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The oil industry is still "a disaster," with an oversupply issue that doesn't appear to be balancing out anytime soon, John Kidluff, partner at Again Capital, said Tuesday.
Kilduff, who has been bearish on crude, pointed out that refiners are soon going to go into their seasonal maintenance.
"The little bit of oil that got taken out of storage for the past 12 weeks or so, in terms of inventory reports, is going to come right back on," he said in an interview with CNBC's "Power Lunch. "
Plus, Libyan oil will be coming back online and Chinese demand is expected to fall off, Kidluff said.
"This is a glut without end in sight."
U.S. crude settled down 21 cents Tuesday to $42.92 a barrel. was up 1 cent to $44.73 per barrel in late trading.
U.S. drillers added oil rigs for a fourth consecutive week, data from oilfield services firm Baker Hughes showed Friday. The decline in U.S. output has been key to balancing a market weighed by excess supply for two years.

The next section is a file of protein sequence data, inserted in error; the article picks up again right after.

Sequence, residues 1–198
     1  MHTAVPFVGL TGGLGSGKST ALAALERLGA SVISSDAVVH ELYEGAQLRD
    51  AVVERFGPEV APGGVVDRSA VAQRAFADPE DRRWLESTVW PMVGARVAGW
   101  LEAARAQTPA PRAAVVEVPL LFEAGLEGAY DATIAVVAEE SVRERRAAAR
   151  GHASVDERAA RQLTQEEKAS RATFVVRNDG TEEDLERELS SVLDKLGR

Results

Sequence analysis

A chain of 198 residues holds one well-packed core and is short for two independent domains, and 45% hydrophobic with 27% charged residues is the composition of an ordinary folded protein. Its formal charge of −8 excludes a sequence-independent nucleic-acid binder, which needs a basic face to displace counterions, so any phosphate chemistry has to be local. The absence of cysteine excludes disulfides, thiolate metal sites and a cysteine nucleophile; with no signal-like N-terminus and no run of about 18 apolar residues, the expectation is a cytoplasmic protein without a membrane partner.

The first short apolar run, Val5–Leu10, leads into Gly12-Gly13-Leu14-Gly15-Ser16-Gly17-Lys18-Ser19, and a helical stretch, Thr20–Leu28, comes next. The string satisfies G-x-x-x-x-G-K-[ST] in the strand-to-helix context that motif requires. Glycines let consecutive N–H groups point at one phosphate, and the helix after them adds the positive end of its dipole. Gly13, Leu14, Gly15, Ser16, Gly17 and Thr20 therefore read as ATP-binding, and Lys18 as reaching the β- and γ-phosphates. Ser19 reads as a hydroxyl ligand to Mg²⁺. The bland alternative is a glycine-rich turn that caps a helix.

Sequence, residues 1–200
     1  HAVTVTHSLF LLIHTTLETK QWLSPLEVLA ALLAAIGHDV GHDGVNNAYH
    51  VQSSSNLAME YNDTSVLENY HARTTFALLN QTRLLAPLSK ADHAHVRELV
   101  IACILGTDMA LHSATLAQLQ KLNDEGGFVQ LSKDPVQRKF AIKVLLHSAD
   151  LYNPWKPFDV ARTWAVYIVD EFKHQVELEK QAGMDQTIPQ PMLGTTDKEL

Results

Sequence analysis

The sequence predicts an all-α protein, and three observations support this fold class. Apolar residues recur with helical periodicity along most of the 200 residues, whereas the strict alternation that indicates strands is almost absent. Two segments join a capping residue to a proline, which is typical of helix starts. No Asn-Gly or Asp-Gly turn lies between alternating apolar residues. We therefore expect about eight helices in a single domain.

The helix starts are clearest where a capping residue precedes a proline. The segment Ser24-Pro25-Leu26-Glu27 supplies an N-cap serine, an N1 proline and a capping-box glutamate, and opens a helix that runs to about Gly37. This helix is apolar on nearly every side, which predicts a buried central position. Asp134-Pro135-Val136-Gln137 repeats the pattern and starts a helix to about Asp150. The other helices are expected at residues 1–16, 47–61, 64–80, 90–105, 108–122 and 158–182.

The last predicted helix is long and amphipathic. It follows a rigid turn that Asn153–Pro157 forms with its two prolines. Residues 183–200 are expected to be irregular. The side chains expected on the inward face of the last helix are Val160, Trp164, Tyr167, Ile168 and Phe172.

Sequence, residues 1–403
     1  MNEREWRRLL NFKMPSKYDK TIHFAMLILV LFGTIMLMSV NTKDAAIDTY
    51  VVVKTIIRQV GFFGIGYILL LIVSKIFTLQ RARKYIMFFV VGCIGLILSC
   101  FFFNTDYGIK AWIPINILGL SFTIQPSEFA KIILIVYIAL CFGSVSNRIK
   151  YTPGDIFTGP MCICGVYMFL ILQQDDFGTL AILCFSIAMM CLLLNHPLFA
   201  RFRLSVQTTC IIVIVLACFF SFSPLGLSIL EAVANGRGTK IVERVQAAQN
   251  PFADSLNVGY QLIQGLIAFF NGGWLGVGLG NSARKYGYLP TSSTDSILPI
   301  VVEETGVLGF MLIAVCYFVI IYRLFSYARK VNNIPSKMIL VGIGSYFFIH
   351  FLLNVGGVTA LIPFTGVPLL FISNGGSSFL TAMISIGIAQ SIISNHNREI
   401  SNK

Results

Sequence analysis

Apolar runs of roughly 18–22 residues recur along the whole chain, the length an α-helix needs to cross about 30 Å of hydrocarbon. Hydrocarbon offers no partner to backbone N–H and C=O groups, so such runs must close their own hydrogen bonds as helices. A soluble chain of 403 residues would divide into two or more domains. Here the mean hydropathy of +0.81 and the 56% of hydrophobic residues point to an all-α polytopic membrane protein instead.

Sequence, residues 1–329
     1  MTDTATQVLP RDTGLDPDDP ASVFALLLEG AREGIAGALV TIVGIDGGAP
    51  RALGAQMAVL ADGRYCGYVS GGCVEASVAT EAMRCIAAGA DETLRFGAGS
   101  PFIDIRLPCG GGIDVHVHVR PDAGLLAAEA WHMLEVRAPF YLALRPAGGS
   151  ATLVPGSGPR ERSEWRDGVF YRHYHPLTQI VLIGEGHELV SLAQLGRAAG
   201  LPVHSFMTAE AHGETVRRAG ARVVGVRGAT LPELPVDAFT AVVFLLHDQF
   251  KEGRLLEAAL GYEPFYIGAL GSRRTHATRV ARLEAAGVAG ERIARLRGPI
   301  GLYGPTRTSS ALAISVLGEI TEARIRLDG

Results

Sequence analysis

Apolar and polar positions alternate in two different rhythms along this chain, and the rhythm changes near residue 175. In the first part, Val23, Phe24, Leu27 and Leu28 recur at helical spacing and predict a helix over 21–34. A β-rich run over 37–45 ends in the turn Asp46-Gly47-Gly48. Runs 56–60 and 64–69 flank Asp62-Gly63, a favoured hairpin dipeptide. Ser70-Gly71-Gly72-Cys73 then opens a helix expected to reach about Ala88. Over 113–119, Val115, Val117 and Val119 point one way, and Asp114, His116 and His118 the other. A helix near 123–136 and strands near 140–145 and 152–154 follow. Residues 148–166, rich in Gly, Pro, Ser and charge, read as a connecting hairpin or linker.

Kilduff predicts oil will fall to $35 per barrel. However, he's hoping to get more constructive on the industry next year.
Kent Moors, executive chairman of Energy Capital Research Group, is more optimistic. He believes the balance is coming; it's just been far more sluggish than many expected.
Right now, the market is being driven by the presumption of traders on what's to come rather than the oil that's on the market, he told "Power Lunch."
He thinks it's important to note that even though there has been an increase in drilling, once new wells come online, most will recover volume lost from capped wells. "This is not all automatically additional oil coming onto the market."
Plus, production levels in the United States are going to begin to decline again because the "oil debt crisis is about to explode."
"We have a number of companies that are drilling and producing like crazy just one step ahead of the sheriff. Give us another couple of months, that volume is going to be out of the market," Moors said.
Kilduff agrees the next downturn in oil prices will be "the knockout blow for a lot of companies, particularly here in the U.S."
He also thinks that it may even bring OPEC countries back into agreement with one another.
"They're going to say 'Let's get back together and let's reign production in,' because they may do the math on us and figure out that they can sell less oil for more money and make even more money than you do when you sell a lot of oil at a low price," said Kilduff.
— Reuters contributed to this report.